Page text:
Most of Australia’s radio “shock jocks” and mainstream media continue to pour scorn on any assessment reports by the UN’s Intergovernmental Panel on Climate Change. One popular radio presenter derides climate change advocates as simply being climate alarmists. Greta Thunberg is frequently scorned by these commentators. For some Australians, environmental concerns still run a distant second to economic prosperity and job security.

And yet, despite this mounting evidence of climate catastrophe, the Australian prime minister Scott Morrison continues to steadfastly reject any link between carbon emissions and climate change.

The majority of his conservative cabinet remain trenchant climate-change sceptics. Homes Affairs minister Peter Dutton, whose chief responsibility is border security, has suggested that climate change protesters participating in demonstrations should be stripped of their welfare payments. Morrison recently expressed his desire to draft legislation that would ostensibly outlaw the advocating of boycotts of companies who refuse to bankroll proposed new coal mines. Social capital is not on Morrison’s radar.

Perhaps this dogged refusal by our political leaders to embrace any meaningful policies regarding renewal energy, and to acknowledge what is unfolding in our fragile environment may have something to do with the fact that Australian fossil fuel companies continue to make significant donations to our two main political parties, as they have for many years.

Even as these fires continue to burn, there is growing anger, much of it directed to our conservative right-leaning government, for their lacklustre even regressive response to the undeniable and scary phenomenon that is climate change. Morrison is also refusing to be drawn on whether he accepts there is a link between climate-change and these latest catastrophic fires.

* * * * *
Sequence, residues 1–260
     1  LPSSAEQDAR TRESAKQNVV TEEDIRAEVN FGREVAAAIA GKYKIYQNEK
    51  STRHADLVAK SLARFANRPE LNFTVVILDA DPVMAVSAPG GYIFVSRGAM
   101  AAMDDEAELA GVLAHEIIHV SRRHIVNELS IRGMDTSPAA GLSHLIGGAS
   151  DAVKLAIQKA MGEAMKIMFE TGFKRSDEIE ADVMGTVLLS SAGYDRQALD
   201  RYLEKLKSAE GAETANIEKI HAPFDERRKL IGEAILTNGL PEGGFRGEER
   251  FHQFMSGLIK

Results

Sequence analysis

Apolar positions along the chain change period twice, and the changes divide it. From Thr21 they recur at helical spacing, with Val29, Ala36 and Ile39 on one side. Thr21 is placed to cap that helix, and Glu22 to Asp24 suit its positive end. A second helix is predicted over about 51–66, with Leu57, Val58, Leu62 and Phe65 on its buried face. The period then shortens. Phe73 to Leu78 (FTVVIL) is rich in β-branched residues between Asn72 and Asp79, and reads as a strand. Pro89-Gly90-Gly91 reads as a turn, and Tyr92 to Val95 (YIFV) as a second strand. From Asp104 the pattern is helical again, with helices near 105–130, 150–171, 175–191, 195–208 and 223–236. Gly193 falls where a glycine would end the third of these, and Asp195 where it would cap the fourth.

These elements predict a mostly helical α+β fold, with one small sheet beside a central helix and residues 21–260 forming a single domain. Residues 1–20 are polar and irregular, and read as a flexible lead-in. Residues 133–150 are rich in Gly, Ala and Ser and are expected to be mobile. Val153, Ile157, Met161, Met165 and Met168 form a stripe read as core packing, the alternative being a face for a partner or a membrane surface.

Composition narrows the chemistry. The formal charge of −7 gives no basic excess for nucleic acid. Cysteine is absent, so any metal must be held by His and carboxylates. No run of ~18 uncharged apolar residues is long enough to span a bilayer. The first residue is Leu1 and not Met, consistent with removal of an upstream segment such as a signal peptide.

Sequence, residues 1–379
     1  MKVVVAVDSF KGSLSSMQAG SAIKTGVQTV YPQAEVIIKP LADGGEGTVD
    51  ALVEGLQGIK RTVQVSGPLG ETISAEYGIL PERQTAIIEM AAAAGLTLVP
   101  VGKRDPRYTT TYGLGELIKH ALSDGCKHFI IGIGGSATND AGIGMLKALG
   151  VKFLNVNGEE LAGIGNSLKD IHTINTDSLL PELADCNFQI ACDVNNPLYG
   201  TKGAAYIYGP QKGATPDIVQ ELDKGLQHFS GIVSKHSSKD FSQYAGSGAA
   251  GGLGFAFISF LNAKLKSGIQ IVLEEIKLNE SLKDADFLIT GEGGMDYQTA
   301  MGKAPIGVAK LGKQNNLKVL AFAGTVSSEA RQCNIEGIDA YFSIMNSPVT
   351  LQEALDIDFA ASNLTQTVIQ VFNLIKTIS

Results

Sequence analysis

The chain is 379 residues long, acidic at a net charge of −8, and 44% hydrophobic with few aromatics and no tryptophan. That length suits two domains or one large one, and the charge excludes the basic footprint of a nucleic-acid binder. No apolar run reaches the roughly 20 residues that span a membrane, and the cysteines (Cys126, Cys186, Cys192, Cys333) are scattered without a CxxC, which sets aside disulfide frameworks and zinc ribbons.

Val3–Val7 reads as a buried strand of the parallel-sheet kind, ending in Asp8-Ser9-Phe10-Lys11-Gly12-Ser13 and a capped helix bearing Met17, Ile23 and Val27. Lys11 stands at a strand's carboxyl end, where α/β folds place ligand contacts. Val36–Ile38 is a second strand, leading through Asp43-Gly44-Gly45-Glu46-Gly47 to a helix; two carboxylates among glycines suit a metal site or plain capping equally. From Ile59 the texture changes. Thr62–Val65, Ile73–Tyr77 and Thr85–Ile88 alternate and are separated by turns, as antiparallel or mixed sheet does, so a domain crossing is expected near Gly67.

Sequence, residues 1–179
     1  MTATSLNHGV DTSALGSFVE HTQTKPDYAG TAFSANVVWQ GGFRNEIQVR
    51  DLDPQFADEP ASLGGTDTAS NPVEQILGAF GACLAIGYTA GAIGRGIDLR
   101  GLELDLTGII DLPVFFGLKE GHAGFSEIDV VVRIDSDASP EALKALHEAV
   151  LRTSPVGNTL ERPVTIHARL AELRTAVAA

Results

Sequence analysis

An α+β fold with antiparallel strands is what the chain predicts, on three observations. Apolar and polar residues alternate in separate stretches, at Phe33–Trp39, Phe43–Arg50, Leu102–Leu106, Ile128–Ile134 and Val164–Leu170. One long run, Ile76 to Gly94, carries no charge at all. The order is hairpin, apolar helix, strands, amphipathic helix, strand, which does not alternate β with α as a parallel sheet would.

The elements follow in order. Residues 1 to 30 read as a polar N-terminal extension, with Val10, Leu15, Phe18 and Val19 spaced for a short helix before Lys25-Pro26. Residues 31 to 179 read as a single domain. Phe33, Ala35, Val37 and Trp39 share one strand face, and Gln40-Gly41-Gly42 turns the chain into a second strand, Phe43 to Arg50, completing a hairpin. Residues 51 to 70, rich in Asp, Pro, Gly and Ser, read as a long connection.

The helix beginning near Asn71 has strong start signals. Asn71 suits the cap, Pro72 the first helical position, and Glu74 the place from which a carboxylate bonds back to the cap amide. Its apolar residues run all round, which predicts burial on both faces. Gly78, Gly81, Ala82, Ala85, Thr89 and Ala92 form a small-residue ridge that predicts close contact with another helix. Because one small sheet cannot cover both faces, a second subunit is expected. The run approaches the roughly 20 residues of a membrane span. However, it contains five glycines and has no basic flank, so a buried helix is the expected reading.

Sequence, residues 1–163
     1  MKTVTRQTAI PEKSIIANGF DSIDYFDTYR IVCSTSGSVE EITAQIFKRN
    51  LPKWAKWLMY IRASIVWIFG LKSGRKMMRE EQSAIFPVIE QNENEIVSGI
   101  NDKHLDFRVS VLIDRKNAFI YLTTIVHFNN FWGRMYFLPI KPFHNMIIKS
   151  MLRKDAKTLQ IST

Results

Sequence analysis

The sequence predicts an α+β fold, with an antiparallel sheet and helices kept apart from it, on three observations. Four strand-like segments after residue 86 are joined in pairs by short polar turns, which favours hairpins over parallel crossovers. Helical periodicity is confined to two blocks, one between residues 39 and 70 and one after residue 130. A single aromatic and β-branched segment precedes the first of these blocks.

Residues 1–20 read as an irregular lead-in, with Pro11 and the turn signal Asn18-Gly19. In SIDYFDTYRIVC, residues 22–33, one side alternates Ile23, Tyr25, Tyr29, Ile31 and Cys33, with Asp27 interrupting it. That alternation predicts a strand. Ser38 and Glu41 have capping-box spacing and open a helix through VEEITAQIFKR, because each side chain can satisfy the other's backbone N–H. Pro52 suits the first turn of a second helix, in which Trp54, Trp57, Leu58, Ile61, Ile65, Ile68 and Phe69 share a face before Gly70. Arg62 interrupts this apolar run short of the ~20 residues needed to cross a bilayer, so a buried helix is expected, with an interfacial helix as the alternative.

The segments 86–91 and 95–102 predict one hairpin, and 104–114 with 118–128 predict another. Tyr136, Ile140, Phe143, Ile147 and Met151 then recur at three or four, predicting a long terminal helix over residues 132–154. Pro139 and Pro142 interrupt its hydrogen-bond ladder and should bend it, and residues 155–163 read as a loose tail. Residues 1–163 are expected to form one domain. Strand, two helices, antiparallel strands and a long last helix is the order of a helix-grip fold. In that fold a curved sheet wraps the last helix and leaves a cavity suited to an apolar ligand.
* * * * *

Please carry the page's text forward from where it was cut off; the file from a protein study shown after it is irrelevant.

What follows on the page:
But the prolonged drought in NSW with 90 per cent of that state now essentially unproductive and a tinder dry bush suggests this is no longer indisputable. Morrison has offered his “thoughts and prayers” and $1,000 in immediate financial help to those who have lost their homes.

Gladys Berejiklian’s state government oversaw a 30 per cent funding cut to the NSW Rural Fire Service. These cuts continue the trend of the past decade. Morrison and Berejiklian are keen to stick to the “now is not the time” mantra, as if borrowed from the NRA playbook.

It remains to be seen how long Australians will be prepared to tolerate this lack of leadership from our political leaders.

But the likelihood of further loss of life and properties has not yet diminished.

A firefighter works to contain a bushfire near Glen Innes, New South Wales, Australia. Photograph: Dan Peled/EPA
A firefighter works to contain a bushfire near Glen Innes, New South Wales, Australia. Photograph: Dan Peled/EPA

And now, ominously, the aforementioned under-resourced NSW Rural Fire Service has issued a dire warning for the Greater Sydney and Greater Hunter regions warning of catastrophic fire danger - the highest fire danger rating - for Tuesday, November 12th.

Thoughts and prayers may well prove wholly inadequate, again. One can only wonder what further catastrophes are in store, come summer.